Are the Olympics really a platform for launching anything other than high divers?
That was the high-stakes question NBC faced last week with the launch of the CGI-animated comedy “Father of the Pride” and action drama “Hawaii” hot on the heels of 17 days of Olympic Games, during which the new-season shows were heavily promoted.
NBC knew it was taking a gamble by premiering its shows three weeks before the usual official start of the season, at a time when most viewers are concerned more about Labor Day picnics, political conventions or even the threat of hurricanes than with new TV programming.
Still, NBC wanted to make the most of access to the Games’ gargantuan audiences to promote new shows. It was also part of a plan announced earlier in the year to move away from fixed TV seasons and toward a 52-week programming strategy.
The results, so far, are mixed. According to Nielsen Media Research, “Father of the Pride’s” Tuesday 9 p.m. (ET) debut did bode well for an Olympics-driven early launch strategy. With a 7.7 rating and 12 share in households and a 10.9/17 in adults 18 to 49, “Pride” won the night in households, key demos and total viewers (12.4 million).
On Wednesday “Hawaii” also performed (although not as strongly as “Pride”), winning the night in households (7.3/13) and total viewers (10.9 million).
“I think we’ve had a good week launching these new shows,” said Mitch Metcalf, senior VP of program planning and scheduling for NBC Entertainment. “We had this wonderful gift of the Olympics. You can’t argue with an event that is seen collectively by 200 million people.”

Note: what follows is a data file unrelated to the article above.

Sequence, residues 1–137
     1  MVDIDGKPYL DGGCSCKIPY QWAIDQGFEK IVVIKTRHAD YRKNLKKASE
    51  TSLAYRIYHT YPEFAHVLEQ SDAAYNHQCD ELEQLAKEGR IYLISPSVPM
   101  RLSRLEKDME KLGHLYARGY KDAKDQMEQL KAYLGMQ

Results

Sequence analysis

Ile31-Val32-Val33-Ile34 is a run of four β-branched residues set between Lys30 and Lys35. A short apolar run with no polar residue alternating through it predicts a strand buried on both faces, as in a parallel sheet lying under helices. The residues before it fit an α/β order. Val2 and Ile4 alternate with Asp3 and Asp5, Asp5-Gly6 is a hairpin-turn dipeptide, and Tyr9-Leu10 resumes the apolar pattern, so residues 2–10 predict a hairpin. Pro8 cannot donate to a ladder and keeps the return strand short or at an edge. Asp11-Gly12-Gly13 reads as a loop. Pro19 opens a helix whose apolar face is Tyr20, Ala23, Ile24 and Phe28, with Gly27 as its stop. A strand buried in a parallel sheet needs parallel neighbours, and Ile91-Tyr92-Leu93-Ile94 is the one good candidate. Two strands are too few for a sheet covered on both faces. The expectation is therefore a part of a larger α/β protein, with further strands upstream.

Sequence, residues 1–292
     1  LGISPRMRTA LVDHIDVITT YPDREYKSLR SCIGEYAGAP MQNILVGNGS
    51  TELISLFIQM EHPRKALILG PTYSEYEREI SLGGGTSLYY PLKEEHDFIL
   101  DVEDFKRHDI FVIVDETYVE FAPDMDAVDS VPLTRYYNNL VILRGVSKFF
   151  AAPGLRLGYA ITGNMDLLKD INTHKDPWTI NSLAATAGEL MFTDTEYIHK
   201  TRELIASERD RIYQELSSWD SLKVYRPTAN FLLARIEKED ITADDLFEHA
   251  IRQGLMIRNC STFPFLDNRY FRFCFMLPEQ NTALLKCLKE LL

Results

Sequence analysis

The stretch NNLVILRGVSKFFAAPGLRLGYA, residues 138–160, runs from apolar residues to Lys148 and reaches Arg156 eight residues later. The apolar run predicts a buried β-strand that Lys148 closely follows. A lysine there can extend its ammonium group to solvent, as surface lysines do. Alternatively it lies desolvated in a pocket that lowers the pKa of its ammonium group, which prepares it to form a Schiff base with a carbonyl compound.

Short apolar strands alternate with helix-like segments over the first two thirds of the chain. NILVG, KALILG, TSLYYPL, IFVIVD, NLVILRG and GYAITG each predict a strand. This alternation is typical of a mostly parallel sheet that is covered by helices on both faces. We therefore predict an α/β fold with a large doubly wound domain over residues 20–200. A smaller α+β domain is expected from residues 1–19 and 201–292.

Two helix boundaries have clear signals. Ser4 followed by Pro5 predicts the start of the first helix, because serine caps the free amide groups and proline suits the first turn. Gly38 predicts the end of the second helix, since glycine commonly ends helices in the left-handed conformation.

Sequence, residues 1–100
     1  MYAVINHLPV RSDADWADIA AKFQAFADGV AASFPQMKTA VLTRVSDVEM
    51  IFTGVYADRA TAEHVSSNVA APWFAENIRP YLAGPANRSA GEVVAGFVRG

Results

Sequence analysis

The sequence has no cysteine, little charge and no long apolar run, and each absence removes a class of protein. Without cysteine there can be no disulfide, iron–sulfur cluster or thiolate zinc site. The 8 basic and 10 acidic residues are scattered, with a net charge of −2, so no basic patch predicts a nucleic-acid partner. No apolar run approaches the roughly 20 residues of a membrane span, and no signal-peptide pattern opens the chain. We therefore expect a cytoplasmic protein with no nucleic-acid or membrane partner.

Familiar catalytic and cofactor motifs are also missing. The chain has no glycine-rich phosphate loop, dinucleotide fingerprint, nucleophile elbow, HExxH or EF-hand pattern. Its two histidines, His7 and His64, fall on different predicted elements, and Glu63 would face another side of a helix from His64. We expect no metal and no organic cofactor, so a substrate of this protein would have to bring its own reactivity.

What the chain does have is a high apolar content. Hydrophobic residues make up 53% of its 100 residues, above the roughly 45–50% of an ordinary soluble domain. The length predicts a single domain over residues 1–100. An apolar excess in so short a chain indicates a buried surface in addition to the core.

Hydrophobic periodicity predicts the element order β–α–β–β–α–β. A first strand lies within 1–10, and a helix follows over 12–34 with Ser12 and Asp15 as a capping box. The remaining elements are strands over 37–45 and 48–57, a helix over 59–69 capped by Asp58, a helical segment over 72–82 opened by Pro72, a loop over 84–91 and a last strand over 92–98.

Then again maybe you can, based on history. In October 2000, after the Sydney Olympics, the drama “Deadline” and comedy “Tucker” watched their numbers decline steadily from their post-Games premieres. They were each off the air in less than six episodes. In 2002, after the Winter Olympics in Salt Lake City, the Julia Louis-Dreyfus comedy “Watching Ellie” opened with a 7.1/17 on Feb. 26, but by March 19 had dropped to a 3.6/10. Mr. Metcalf said events like the Olympics can introduce an audience to a show, but have no effect on continuing success.
“That just opens the door,” he said. “Then the baton is passed to the show. There is no guarantee with any platform-the Super Bowl, the Academy Awards, the Golden Globes. They will never, never guarantee the success of the show. Is the comedy consistent each week? Is the drama compelling each week? That’s what we have to do.”
John Rash, senior VP and director of national broadcast for the ad agency Campbell Mithun in Minneapolis, said shows live and die on their own merits. However, capitalizing on post-Olympics audiences and giving viewers more sampling opportunities-NBC repeated the debut episode of “Pride” on Thursday and Saturday-is a given in the increasingly fractured TV marketplace. “It’s a model of how the networks will often premiere programs in today’s cluttered media environment,” he said.
Fox may have found that out with the premiere of the reality makeover show “The Complex: Malibu,” which launched Aug. 30 with a dismal 2.4 rating and 4 share in households. Of course, a glut of reality shows and “The Complex’s” own incompatibility with the Fox audience may have had more to do with its poor showing than the lack of an Olympics-like push.
“Bickering couples arguing over home improvement is usually what people watch TV to escape,” Mr. Rash joked.
But makeover fatigue can’t explain away the success of another Fox debut last week. Going head-to-head with NBC’s “Hawaii,” the makeover show “Renovate My Family” tied its NBC competition for first place among adults 18 to 49 (3.3/11) and grew quarterly for its entire two-hour run.
For Mr. Metcalf, the show is ultimately its own platform for generating an audience. “If the show’s not going to work,” he said, “it doesn’t matter if we premiere it week 52 of the prior season or week one or two of the new season.”